Each year, youth representatives from G8 and G20 countries come together to discuss global challenges, provide non-conventional suggestions and generate fresh ideas. Mina Saidze is the Minister of International Development of the German delegation for the Y8 and Y20 Summit 2013 and wants to share her experiences in international dialogues.
Mina Saidze, Minister of International Development of the German delegation, participated this year at the Y8 and Y20.
This year I was honoured with the opportunity to represent Germany as Minister of International Development at the Y20 and Y8 2013 in St. Petersburg and London, which are parts of official G20 and G8 youth events. Increasing in popularity, the forums enable youth representatives from G8 and G20 countries to discuss issues they deem pressing on the world stage which are closely related to the topics of the G8 and G20 Leaders´ Summit.
Within the context of Y20 and Y8 Summits, Ministers represent their own countries and are further encouraged to integrate their own opinion on the topics at hand: the policies they support are not always those of their current governments but many times their own. Prior to the Summit, Ministers are invited to weigh out on the topics they wish to negotiate in St. Petersburg and London. In contrast to the Model United Nations simulations (MUNs), the major result of the Y20 and Y8 Summits are the Final Communiqués which were presented and submitted to diverse actors in September 2013. It is a chance for students and young professionals between the age of 18 and 29 who want to discuss the most serious challenges the world is facing.
The German delegation was selected and supported by the association Policy Innovation. Concerned youth ministers were selected for six different panels: Heads of State, Foreign Affairs, Justice, Defence, Environment, and International Development. We had also a national Sherpa and Press Secretary who facilitated communications within delegation and enriched the overall experience through various media of coverage. We had an intensive preparation in which Policy Innovation organized helpful seminars, visits to the German Chancellery and ministries.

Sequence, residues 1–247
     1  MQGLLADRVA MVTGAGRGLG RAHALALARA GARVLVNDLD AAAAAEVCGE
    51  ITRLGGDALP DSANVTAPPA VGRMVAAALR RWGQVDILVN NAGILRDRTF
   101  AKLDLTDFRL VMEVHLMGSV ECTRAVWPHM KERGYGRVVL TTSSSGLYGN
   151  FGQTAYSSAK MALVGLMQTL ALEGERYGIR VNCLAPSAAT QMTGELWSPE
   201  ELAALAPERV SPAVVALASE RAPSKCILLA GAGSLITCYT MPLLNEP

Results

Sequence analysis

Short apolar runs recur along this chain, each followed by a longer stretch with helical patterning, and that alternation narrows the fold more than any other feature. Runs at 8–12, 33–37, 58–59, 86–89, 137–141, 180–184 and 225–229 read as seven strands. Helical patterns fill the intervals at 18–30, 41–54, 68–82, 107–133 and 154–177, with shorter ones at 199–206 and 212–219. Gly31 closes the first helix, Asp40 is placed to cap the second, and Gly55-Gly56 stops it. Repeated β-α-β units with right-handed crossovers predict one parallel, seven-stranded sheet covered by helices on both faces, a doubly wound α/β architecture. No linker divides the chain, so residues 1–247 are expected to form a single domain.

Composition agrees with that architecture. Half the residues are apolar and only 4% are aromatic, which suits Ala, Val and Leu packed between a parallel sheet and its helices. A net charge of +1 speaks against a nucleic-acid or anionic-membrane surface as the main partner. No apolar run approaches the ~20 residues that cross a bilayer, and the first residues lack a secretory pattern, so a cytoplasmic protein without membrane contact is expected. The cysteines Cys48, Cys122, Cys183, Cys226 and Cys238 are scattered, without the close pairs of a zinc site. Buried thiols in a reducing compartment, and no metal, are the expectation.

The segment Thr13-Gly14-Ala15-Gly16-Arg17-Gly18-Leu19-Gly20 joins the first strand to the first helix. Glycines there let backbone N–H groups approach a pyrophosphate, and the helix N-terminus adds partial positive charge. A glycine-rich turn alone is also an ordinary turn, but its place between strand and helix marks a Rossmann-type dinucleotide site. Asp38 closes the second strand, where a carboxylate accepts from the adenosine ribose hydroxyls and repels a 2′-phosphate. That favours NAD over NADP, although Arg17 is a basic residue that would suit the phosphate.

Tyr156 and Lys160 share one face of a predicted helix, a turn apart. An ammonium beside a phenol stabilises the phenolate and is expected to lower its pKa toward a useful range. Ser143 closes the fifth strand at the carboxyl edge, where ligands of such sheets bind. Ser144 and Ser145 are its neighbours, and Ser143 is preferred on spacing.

As Minister of International Development, I met additionally Dr. Moira Feil, Policy Officer in Multilateral Development Policy, in the Federal Ministry for Economic Cooperation and Development where we talked more about the efficiency of development aid, which measures should be taken into consideration and the negative side effects of financial instruments such as micro-credits or Public Private Partnerships (PPPs). Thanks to the joint project between Policy Innovation and Atlantic Community, the open think thank on foreign policy, our German delegation published various articles in which we were able to express our opinion about social, economic and political dimensions of international relations.
After months of research and negotiations on online platform, we could go to Saint Petersburg from 18th until 21th June 2013. It was the first time that I travelled with a diplomatic passport and was excited about the upcoming experiences, people and results. As Y20 Russia 2013 delegates, we were also invited to participate in Saint Petersburg International Economic Forum (SPIEF), a major global economic and business event. The opening speech of SPIEF was hold by Vladimir Putin, President of the Russian Federation, and Angela Merkel, Chancellor of the Federal Republic Germany. The Head of State of each delegation had afterward the opportunity to meet Putin and discuss with him the Final Communiqué of the Y20 Russia. Also one brunch with Helen Clark, the president of the United Nations Development Fund, took place where she welcomed us and talked about her position in the UN and future challenges. My panels were “International Architecture Forum” with the focus on reforming international capital markets and “Sustainable Development” with social policy optimization as priority. These recommendations, probably not all of them, will be included in the final Communiqué of the G20 Leaders. We will do our best to implement the proposals of the youth,” Ksenia Yudaeva, Chief of the Presidential Experts’ Directorate and the Russian G20 Sherpa, concluded.
After five intensive days of negotiating 106 Y20 leaders came together to celebrate the Communiqué
After the Y20 Summit was over, I made my way to London where I tried to catch up some sleep after the exciting 5 days in Russia and to prepare myself for the Y8 Summit. The 2013 edition of the Y8 was hosted at the Old Naval College (University of Greenwich) from 24th until 28th June 2013, only one week after the Heads of State of the G8 countries met in Northern Ireland as part of their annual meeting.
And, in another historic first, the African Union has also been invited to send a delegation, marking the beginning of a period when the world powers of tomorrow are given a seat at the table today.
In the panel of “International Development” we discussed two major topics: “Education” which should also include social enterprise facilitation and PPPs in education and “Technology” such as grassroots citizens’ feedback and cost-effective financial services. The Final Communiqué was signed by the Heads of State on June 28th at the majestic Painted Hall in Greenwich, where the ministers and the organizing committee celebrated the closing of the 2013 negotiations.
In general, the difficulty during the negotiations was not reproducing the same solutions as the government offers. The aim was to provide fresh perspectives through the lens of younger generations.
On behalf of the German delegation, I would like to extend a big Thank You to the Organizing Committee of Policy Innovation.
Click here to view the Final Communiqués of Y20 and Y8
For further insight into the Y20 and Y8 Summit: